So we have decided to stay close to home. We want to have a picnic in Het Park in our old neighbourhood. We have a soft spot for the green lawns and the flower gardens. We used to run the paths together, before Menna was pregnant. We ran around the little lake and by the trimmed hedges of the small English garden by the quaint old clubhouse where the wedding photos are taken. We ran underneath the high Euromast, Rotterdam’s monument in 50s wowee style, a space-needle-type tower that rises on a massive concrete column and supports an observation deck and restaurant. In summer you occasionally see people repelling down the side of it.

We have chosen a picnic in the park over a trip to the beach. It’s simpler, but it still it takes a long time to pull together. We don’t get to the park until four. Baby was crying the first time we try to prepare for departure. Then suddenly she was asleep. Then suddenly Menna was asleep. I carried on with work at my desk, quietly typing. We packed what we can underneath the buggy. We set out at our snail’s pace to the tram station.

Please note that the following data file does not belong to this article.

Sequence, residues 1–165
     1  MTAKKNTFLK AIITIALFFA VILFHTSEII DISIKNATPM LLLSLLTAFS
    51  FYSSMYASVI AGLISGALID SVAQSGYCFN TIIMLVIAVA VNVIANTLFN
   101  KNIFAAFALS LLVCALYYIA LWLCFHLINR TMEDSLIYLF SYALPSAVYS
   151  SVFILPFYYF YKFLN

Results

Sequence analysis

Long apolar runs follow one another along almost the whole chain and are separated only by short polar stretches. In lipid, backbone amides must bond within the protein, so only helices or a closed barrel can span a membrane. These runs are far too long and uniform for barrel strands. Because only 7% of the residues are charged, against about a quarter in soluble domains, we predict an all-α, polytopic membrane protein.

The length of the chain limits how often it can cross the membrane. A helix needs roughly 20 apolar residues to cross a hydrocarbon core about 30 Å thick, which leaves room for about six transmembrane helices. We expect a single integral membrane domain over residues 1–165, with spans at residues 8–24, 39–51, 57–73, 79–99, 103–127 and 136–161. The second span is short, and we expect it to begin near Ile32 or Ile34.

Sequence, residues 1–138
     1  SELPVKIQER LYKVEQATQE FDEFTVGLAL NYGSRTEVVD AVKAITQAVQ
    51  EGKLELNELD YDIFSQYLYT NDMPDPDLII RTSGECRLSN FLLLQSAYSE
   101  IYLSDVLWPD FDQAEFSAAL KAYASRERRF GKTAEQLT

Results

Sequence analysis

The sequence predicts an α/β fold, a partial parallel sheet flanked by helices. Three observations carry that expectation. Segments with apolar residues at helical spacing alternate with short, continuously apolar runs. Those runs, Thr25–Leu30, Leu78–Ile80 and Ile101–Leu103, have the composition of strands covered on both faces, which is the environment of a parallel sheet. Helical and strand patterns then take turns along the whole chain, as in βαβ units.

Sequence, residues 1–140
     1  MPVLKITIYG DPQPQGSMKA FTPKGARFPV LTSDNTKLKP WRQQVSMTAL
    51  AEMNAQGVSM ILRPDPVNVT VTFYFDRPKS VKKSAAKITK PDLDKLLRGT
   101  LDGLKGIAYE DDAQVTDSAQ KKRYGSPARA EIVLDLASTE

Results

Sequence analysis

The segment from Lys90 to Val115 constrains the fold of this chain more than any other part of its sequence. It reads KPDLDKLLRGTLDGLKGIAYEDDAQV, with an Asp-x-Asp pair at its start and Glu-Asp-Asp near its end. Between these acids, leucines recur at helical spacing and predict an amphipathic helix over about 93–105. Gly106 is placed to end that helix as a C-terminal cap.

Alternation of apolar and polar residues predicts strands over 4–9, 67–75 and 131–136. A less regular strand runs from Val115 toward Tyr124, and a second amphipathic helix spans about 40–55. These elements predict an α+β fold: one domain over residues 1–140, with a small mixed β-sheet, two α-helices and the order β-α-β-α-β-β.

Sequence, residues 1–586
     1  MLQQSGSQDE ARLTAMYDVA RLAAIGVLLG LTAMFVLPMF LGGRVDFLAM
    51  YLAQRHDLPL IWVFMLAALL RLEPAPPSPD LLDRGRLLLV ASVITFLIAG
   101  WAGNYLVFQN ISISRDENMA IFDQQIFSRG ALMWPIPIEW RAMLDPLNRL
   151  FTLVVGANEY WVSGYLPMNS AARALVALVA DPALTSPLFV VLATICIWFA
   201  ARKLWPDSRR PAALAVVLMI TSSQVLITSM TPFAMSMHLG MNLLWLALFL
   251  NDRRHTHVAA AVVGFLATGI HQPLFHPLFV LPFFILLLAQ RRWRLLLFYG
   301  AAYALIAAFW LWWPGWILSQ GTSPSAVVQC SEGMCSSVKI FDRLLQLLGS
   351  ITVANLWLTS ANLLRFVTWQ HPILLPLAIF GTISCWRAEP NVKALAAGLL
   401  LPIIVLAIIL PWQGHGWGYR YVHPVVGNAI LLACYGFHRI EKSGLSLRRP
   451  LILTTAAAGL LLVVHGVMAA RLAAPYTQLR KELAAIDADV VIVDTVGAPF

Jan is able to join us. His office is close, on Westzeedijk. I stop by his building on the way. He’s in shorts and looking molto bronzato from his summer trip with the family to Napoli. He scrolls through photos on his iPhone. His wife stands by a stone wall overlooking a prospect of green valleys. The children stand beside one of the short mules that carry supplies up the narrow switchbacks to the villages above. The children are making mule faces.

Baby loves the outdoors now. She struggles to get out of my arms. Once on the ground, she strides forward, throwing her arms up and squealing with delight. There’s not a lot of separation anxiety there. She doesn’t hesitate. She doesn’t check to see if we are behind her. She just keeps going. One of us has to jog to catch up. She’s standing over a couple who have been enjoying their own company. We apologize.